Rosenman, former president of Brillstein-Grey Entertainment and producer of numerous films ranging from “Father of the Bride” to “Buffy the Vampire Slayer,” served as the documentary’s executive producer.
Tomlin narrates the documentary, which was shown on HBO in January, and spearheaded the fund-raising, headlining a benefit for the project at San Francisco’s Castro Theater that also featured Robin Williams and Harvey Fierstein.
“We strategized with Howard to get stars,” Epstein says. “Lily asked some and others we went for case by case. We just wrote to Susan Sarandon at her home and got a response.”
“Tom Hanks said yes in eight minutes,” Rosenman says. “The next day Hanks drives his own car onto the Raleigh Studios lot. Same with Sarandon and Whoopi Goldberg. They were all so giving.”
Still, for every Goldberg, Hanks and Shirley MacLaine, Rosenman claims to have “lists and lists of those who didn’t even return our phone calls or didn’t even show up after rescheduling.”
“There were heroes and cowards and villains in the making of this just like in life,” he says. “Some of the cowards and villains turned out to be people I idolized and now no longer do. I knew it was the gay text that got to them.”
Tomlin occasionally worked the phones, getting hesitant celebrities to contribute to the project. “I got k.d. lang to sing the song by telling her if she didn’t, I’d get Tommy Velour to sing it,” she laughs, referring to the lounge singer Tomlin portrays in her repertoire of characters.
“Ultimately, getting the clips was a much larger hole to fill, which is what Howard did,” she continues. “Let’s face it, it’s easier to ask a fellow actor to be interviewed than to ask a studio head to give a negative.”
Rosenman at first seems to agree. “For a full year I went in circles with studio bureaucracies to get the film clips, until one day I got angry,” he recalls. “Then I thought, ‘What an idiot you are--why not just call the studio heads up directly?’ Practically to a man, they all agreed on the phone. With one exception, everyone came on board in just two days.”
Still, Epstein acknowledges, it’s independent film and television that more actively and accurately portray gay and lesbian diversity. “Hollywood follows, it doesn’t lead,” he asserts.
“We’re back to a time when the sissy is acceptable again,” laments “Tales of the City” author Armistead Maupin, who is interviewed on-screen and wrote the documentary’s narration. “I’m not sure if that’s progress. My dream is to see gays in our infinite variety, including sissies. I just resent the way Hollywood currently implies homosexuality is about what one wears, not what one feels.”
The recent spate of drag comedies with central gay characters that includes “Too Wong Foo, Thanks for Everything, Julie Newmar,” “The Adventures of Priscilla, Queen of the Desert” and “The Birdcage,” does reflect some progress in content if not form.
“I’m not against the current wave of drag movies,” Maupin says. “Every one of them delivers a message about compassion and humanity. But until they’re done in a way that really deals about what people hate about homosexuality, the physicality of same-sex affection, they’ll feel more like exploitation than honest examinations of human lives.”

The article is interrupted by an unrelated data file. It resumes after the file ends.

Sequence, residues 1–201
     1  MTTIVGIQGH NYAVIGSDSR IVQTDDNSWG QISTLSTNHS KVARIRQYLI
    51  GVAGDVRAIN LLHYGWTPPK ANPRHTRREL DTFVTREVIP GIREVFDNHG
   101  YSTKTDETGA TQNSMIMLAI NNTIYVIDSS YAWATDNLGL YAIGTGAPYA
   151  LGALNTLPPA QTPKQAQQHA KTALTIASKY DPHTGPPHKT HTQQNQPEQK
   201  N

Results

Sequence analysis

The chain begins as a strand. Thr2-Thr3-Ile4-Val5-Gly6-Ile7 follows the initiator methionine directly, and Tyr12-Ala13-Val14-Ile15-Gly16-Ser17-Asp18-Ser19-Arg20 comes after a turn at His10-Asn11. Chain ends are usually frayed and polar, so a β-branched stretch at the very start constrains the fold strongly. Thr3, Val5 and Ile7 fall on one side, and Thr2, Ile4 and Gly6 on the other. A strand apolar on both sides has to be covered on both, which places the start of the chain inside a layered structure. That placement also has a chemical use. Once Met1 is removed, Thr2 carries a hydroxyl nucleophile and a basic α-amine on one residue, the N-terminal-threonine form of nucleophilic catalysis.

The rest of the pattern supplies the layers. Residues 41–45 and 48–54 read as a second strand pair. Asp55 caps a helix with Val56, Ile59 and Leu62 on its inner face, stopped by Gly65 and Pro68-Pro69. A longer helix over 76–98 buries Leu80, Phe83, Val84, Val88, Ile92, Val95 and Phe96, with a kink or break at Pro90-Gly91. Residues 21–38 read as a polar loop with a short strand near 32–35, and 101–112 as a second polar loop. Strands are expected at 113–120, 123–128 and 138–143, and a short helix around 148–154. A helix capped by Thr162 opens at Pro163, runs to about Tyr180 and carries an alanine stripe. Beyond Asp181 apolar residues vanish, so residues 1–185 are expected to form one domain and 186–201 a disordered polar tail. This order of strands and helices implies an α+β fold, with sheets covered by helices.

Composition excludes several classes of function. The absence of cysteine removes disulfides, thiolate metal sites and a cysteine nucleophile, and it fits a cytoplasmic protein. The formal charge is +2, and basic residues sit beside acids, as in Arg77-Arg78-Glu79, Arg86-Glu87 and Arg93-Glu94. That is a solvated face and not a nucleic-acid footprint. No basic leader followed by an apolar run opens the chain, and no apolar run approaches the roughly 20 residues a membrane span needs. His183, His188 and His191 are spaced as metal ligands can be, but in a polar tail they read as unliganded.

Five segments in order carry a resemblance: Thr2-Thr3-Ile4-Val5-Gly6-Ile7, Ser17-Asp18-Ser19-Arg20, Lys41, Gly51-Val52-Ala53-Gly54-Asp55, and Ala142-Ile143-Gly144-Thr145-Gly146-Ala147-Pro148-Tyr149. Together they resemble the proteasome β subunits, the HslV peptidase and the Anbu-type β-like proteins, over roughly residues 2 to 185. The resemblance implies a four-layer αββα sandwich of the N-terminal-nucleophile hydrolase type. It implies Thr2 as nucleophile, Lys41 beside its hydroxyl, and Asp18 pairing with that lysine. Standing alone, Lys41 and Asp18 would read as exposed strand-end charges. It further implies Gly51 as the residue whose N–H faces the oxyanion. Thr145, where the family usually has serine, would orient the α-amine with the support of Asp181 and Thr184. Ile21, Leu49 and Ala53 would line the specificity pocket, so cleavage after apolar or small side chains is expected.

“America loves drag queens,” Friedman says. “They’re nonthreatening, amusing clowns because they’re nonsexual. Hollywood gay characters are allowed to be like normal people as long as they don’t have a sex life. It’s particularly ironic to take sexuality away from a gay character when that’s what defines us.”
It seems to be also what some feel is the reason behind the historical documentary receiving an R rating.
“It seems to me any film with homoeroticism in it gets an R,” Friedman says. “Prejudice is built into the system. I’ve noticed a trend where if you shot the same sex scene with a heterosexual couple and then with a gay or lesbian couple, the rating would jump up a notch.”
“An R rating vividly demonstrates the double standard when dealing with homosexuality,” Maupin agrees. “A tender close-mouthed kiss between people of the same sex is considered as pornographic in some quarters as copulation between heterosexuals.”
The filmmakers are optimistic, however. “Hollywood is becoming more aware, and there are filmmakers who are trying to get beyond the conventional language of stereotypes,” Friedman says. “More gay images from independent film are seeping into the mainstream.”
Even Maupin, a sworn enemy of the closet revered and reviled for his intolerance of famous closeted homosexuals, acknowledges some progress. “Anyone like me who has gone to the movies over the past 40 years can’t help but believe that the subject matter is finally becoming more acceptable.”
While still critical, Epstein and Friedman aren’t quite so quick to dismiss the impact of Hollywood’s new attempts at portraying homosexual lives.
“African American characters went through a similar process,” Friedman says. “We’ll just have to muddle through until it doesn’t matter anymore, just like African Americans now playing non-race-specific roles. We’ll eventually get to that point and be accepted as part of the social fabric.”
Tomlin believes that “The Celluloid Closet” will go a long way toward sensitizing not just audiences but straight Hollywood as well.
“Producers and audiences are acculturated the same way as everyone else,” she says. “This movie gives them a context and hopefully a more illuminated approach to the use of gay and lesbian characters.”
Rosenman claims that is already the case. “A producer made changes in a script that were suggested by someone who saw the movie. Small as it was, it was a highlight of my career. Something I did changed an opinion. This is why I went into the movie business. It certainly wasn’t for ‘Buffy the Vampire Slayer.’ ”